A new study published in the journal Applied Surface Science has demonstrated the effective fabrication of anti-fingerprint room temperature coatings on polycarbonate substrates. Scientists from Nanyang Technological University in Singapore have contributed to the research.
Study: Mechanically Robust Anti-Fingerprint Coating on Polycarbonate Substrate. Image Credit: Stockbusters/Shutterstock.com
Background to the Research
Optical materials such as screens, lenses, and shields require surface cleanliness and high optical transmittance to function properly. These crucial properties and, in many cases, the aesthetic appeal of products can be negatively affected by surface contamination such as fingerprints, dust particles, and skin oil residues during service or handling.
Designing coatings which can withstand surface contamination is therefore a crucial but highly challenging endeavor. The development of superamphiphobic materials has provided enormous benefits to the design of surfaces which can withstand these issues.
These materials have superior anti-wetting properties which help them to combat oil and water that may be present on the surface of optical devices and limit their functionality.
These materials enhance anti-fingerprint and self-cleaning applications for surfaces. Numerous strategies have been developed in recent decades to manufacture superhydrophobic structures, with many natural analogs existing such as lotus leaves and wings.
Due to oil possessing a lower surface tension than water, the development of superamphiphobic materials is a challenging undertaking. It has thus far been difficult to realize surfaces with oil-repellent abilities.
Some key criteria have been developed by researchers in recent years, including surface roughness and low surface energy. However, it is challenging to construct materials and coatings which satisfy both oil-repellent and transparency requirements as these can conflict. The difficulty with retaining high light transmittance in superamphiphobic coatings hinders their commercial development.
Fabrication methods have been developed in recent years using chemical etching to increase the substrate’s surface roughness and depositing a low-surface energy organic coating. Other methods explored include spray coating and dip-coating to provide a simplified single-step fabrication process.
Polymeric lenses and optical devices have received attention in recent years due to their impact resistance, lightweight nature, and shaping potential. There is a need to imbue these devices with anti-fingerprinting and self-cleaning capabilities. However, due to the inert chemical properties and low melting point of polymers, studies on coating these substrates with transparent amphiphobic materials are limited, and some current fabrication methods are unsuitable for this purpose.
The Research: Achieving Simple and Effective Fabrication of a Superamphiphobic Coating
The study published in Applied Surface Science has demonstrated a simple and effective fabrication method for coating polycarbonate substrates with amphiphobic coatings to improve its oleophobicity and syperhydrophobicity whilst retaining high transparency and optical properties. A room-temperature method, it is possible to modify polymeric materials using the process.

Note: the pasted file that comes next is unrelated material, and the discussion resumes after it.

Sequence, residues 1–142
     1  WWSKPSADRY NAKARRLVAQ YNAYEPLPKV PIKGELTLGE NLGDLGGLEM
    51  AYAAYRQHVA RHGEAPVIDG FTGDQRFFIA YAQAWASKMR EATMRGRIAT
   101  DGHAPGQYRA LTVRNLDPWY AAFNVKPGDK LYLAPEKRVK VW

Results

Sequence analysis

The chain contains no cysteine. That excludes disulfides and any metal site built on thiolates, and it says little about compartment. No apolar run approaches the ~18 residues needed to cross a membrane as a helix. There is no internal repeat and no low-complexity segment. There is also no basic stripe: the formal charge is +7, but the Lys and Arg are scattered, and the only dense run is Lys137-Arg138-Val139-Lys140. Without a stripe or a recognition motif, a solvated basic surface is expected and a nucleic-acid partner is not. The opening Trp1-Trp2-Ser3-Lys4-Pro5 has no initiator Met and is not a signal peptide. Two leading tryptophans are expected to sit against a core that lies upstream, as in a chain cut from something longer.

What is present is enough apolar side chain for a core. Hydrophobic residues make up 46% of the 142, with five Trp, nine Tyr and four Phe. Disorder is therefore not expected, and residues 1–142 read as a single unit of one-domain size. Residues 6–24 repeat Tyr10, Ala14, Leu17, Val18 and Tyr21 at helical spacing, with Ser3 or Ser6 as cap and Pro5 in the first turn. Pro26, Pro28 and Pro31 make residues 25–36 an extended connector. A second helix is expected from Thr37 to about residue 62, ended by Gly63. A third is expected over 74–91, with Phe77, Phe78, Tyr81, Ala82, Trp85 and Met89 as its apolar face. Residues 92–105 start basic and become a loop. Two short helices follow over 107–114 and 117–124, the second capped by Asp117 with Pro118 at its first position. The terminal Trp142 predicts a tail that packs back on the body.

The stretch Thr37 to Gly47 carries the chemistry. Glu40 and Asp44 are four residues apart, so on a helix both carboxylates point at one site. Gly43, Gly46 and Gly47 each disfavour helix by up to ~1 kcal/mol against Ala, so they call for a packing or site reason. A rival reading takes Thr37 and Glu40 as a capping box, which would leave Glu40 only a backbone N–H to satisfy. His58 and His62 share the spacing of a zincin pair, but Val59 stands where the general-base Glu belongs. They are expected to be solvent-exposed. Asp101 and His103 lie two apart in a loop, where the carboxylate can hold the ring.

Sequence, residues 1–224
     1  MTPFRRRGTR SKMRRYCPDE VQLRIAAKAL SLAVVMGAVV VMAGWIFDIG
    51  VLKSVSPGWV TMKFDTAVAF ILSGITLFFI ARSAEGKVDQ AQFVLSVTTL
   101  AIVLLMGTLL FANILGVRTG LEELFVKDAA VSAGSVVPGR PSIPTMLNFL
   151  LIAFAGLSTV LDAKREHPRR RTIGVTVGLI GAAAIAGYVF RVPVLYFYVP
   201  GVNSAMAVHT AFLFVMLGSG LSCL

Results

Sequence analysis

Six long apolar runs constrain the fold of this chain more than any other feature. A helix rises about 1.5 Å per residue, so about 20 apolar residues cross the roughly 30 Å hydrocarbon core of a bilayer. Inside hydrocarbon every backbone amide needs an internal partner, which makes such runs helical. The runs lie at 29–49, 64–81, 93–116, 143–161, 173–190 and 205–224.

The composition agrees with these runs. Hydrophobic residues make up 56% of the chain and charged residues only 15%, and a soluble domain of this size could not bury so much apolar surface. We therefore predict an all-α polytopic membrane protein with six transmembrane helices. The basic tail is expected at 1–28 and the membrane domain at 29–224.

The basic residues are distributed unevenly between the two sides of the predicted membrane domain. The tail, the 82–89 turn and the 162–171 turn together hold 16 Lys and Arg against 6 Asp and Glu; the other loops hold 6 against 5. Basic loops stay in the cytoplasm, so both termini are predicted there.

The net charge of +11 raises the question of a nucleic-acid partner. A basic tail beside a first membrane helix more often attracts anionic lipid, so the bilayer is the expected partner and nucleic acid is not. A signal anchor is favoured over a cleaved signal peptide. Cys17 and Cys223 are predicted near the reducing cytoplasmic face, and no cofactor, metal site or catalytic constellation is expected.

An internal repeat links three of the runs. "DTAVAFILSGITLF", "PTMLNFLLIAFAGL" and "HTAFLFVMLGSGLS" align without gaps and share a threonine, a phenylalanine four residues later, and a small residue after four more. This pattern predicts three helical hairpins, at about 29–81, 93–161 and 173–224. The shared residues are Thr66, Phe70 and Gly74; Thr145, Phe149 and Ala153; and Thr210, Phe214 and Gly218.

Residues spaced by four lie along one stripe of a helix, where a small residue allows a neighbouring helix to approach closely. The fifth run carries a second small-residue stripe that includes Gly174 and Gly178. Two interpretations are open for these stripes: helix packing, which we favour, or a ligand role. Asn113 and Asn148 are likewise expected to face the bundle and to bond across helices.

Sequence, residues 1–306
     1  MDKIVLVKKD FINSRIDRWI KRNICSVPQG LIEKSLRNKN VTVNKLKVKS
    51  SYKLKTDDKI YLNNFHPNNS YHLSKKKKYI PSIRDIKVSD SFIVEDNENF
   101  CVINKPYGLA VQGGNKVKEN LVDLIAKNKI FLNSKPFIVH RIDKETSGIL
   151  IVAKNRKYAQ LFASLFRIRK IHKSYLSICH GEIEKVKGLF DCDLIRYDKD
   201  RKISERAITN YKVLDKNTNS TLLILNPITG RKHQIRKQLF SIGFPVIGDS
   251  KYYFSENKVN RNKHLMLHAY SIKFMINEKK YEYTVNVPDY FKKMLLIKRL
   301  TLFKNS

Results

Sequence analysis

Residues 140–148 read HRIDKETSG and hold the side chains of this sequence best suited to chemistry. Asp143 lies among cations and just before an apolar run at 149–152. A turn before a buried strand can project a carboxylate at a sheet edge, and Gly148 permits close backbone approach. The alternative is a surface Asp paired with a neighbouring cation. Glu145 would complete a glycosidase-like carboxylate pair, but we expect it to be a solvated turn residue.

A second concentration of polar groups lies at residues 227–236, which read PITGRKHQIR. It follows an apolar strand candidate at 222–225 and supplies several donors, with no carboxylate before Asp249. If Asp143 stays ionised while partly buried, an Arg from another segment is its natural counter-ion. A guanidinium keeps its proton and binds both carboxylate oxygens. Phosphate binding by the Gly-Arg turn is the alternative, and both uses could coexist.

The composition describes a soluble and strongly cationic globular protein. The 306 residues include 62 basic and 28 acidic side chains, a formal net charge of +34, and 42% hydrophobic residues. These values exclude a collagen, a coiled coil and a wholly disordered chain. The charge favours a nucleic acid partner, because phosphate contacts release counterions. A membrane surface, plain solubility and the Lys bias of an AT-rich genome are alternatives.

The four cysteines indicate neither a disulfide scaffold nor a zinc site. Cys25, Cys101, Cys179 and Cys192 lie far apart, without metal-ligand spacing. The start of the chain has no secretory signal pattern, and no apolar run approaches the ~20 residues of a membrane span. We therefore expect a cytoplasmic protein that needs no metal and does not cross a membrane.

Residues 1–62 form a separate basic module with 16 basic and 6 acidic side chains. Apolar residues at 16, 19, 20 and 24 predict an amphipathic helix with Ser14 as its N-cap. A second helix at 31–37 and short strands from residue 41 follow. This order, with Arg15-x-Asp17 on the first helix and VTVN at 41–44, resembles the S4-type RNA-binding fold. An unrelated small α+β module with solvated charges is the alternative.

The coating is composed of a film of nanoporous silica particles. This film is strongly bonded to the polycarbonate substrate using pulsed laser deposition, a physical vapor deposition technique which uses a high-powered pulsed laser beam which is focused within a vacuum chamber.
Using this simple and efficient fabrication process, the authors manufactured a coating with superior anti-fingerprinting and anti-reflective properties. Utilizing a fluorocarbon compound gave the surface excellent self-cleaning capabilities.
The coating displays good mechanical properties, being extremely stable and exhibiting strong adhesion to the polycarbonate substrate. This was due to the pre-deposition plasma treatment process.
US Military standards were used to evaluate the prepared coating’s abrasion resistance and adhesion. Tape was applied to the coating, which displayed very weak or no adhesion to the sample surface due to the coating’s superhydrophobic nature. Additionally, crosshatch testing to evaluate coating quality and substrate adhesion. No chipping or delamination was observed, demonstrating superior coating adhesion and quality.
A cheese cloth pad was rubbed on the sample surface to further evaluate the durability of the coating. This caused a change in surface morphology, with surface roughness and surface wettability affected. There was a slight drop in average transmittance afterward, but this was still higher than pristine polycarbonate. This also caused a drop in contact angles, but the anti-fingerprinting properties of the coating were largely retained.
The study has demonstrated the suitability of pulsed laser deposition to deposit superamphiphobic coatings on polycarbonate substrates that enhance the material’s resistance to surface contamination and impart self-cleaning properties into optical devices.
This research field is a relatively new one, and this study provides a guideline for future researchers on how the surface structure enhances anti-fingerprint performance for polycarbonate optical lenses and devices. Moreover, it demonstrates that the prepared coatings retain a high level of optical transmittance and transparency, which is essential for commercial applications.
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Sun, Y, Rawat, R.S & Chen, Z (2022) Mechanically Robust Anti-Fingerprint Coating on Polycarbonate Substrate Applied Surface Science 153706 [online, journal pre-proof] sciencedirect.com. Available at: https://www.sciencedirect.com/science/article/pii/S0169433222012557?via%3Dihub
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